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HP Awards More Than $2 Million to 25 Schools in United States, CanadaPALO ALTO, Calif., Jul 07, 2006
Grants recognize achievements of previous recipients with additional cash, equipment and training
HP today awarded 25 schools in the United States and Canada a total of more than $2 million in mobile technology, cash and professional development.
Part of the company’s 2006 HP Technology for Teaching grant program, these “leadership” grants were presented to 15 K-12 public schools and 10 two- and four-year colleges and universities. These schools received grants in 2004-2005 and were invited to apply for additional investment support.
Recipients were selected for reinvestment based on their success integrating HP technology into their classroom curriculum, demonstration of positive results on student achievement, and innovative plans to expand their programs to have a broader impact on student success.
The HP Technology for Teaching program is designed to transform teaching and improve student achievement through innovative uses of technology in the classroom. Many of the grant recipients’ projects have a focus on science, math and engineering at schools that serve low-income students.
“HP is offering this additional equipment and training so the excellent work already demonstrated by these educators can be expanded,” said Bess Stephens, vice president, Philanthropy and Education, HP. “We are delighted to make these reinvestment grants so that even more educators and students can benefit from innovative applications of technology to improve teaching and learning.”
From 2004-2006, HP has contributed a total of $36 million in Technology for Teaching grants to more than 650 schools worldwide. Over the last 20 years, HP has contributed more than $1 billion in cash and equipment to schools, universities, community organizations and other nonprofit organizations around the world.
HP is awarding $850,000 in HP equipment and professional development to teams of teachers at 14 K-12 public schools in the United States and one in Canada. Each school will receive a mobile technology cart that can be moved throughout the school for use in any classroom. The cart is equipped with 15 HP Tablet PCs, an HP digital projector and an HP digital camera. Additional HP equipment also is being donated for use by three educators joining the HP Technology for Teaching team at the school.
The award additionally includes a professional development program for educators led by HP partner, the International Society for Technology in Education. A team from each school will receive training and mentoring as they implement a project that will have an impact throughout the school.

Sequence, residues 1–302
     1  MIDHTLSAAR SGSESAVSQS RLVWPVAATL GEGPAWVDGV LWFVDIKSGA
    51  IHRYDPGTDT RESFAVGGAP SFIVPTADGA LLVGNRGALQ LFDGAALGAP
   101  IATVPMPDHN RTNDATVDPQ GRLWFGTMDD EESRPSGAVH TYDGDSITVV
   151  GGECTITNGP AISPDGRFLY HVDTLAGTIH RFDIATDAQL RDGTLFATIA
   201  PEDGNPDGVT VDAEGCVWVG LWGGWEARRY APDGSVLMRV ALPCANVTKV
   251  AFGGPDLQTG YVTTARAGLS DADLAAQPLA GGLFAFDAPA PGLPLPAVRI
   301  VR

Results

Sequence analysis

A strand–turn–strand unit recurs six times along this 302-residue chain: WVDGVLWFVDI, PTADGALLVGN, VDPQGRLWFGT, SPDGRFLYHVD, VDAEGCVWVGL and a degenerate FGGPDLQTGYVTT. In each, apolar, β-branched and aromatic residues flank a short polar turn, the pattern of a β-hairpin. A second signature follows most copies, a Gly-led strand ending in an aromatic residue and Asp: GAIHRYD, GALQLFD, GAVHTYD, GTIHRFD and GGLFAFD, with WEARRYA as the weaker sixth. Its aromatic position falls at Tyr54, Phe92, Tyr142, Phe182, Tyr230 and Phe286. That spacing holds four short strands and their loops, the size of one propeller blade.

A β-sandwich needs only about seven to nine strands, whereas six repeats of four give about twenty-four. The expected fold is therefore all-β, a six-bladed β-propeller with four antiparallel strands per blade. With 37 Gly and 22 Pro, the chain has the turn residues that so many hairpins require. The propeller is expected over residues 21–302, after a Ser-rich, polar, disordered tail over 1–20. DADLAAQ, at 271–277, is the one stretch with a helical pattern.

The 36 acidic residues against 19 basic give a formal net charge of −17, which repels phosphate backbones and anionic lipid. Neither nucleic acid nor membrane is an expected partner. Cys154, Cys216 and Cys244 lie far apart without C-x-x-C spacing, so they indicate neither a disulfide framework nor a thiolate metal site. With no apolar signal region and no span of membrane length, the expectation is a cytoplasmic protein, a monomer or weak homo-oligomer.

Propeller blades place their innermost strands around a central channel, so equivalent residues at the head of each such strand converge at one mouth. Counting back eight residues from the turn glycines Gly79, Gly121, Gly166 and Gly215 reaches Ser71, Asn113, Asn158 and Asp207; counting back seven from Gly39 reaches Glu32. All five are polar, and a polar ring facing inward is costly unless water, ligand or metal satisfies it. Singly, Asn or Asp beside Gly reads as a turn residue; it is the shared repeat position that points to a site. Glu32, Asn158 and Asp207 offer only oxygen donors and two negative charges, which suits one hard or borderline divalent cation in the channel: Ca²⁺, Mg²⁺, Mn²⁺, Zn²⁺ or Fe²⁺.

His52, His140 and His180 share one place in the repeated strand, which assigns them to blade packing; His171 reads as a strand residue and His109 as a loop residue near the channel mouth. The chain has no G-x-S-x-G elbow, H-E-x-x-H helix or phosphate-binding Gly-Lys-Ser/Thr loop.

The value of the grant award for each school is more than $56,000.
The K-12 recipients were recognized at the 2006 National Educational Computing Conference in San Diego this week, where they shared their project results and best practices to the larger education community.
An example of a K-12 grant-winning project is at Florin High School in Sacramento, Calif. In a project called “The Common Denominator of the World: Currency,” students explored various monetary systems around the world, comparing currency values against U.S. currency, learning about world stock markets and making projections based on data collection, such as student market portfolios.
Comparisons in student learning assessments from classrooms with and without HP technology show that students from technology-enriched classrooms not only learned the concepts in greater detail, but also better retained the knowledge.
Higher education grants
HP is awarding 10 two- and four-year colleges and universities in the United States a total of $1.2 million in cash and equipment. Each recipient package will include HP products and a faculty stipend valued at more than $120,000. The award includes two wireless HP Tablet PCs, two HP digital projectors, two HP printers and two HP digital cameras for faculty use, 40 additional HP Tablet PCs for student use, and a cash stipend of $10,500.
In addition, the grant includes travel expenses for one participant from each campus to attend the Worldwide HP Technology for Teaching Higher Education Conference in February 2007.
An example of a higher education grant-winning initiative is at Cañada College in Redwood City, Calif. At this two-year community college, instructors have been using the Tablet PCs to create an interactive learning network in select pre-engineering courses, enabling real-time student assessment and assistance.
Initial results from Cañada College’s 2005-2006 pilot project show a marked improvement in student grades compared to previous years, elevated student confidence in engineering dynamics and a dramatic increase in engineering enrollment. The HP Leadership Grant will enable educators to extend this success to other courses in engineering, computer and information sciences, math, physics and chemistry.
2006 Technology for Teaching Leadership Grant recipients
More information about 2006 HP Technology for Teaching program and grant recipients is available at http://www.hp.com/go/hpteach. This year’s HP Technology for Teaching Leadership Grant recipients, listed alphabetically by state/province, include:
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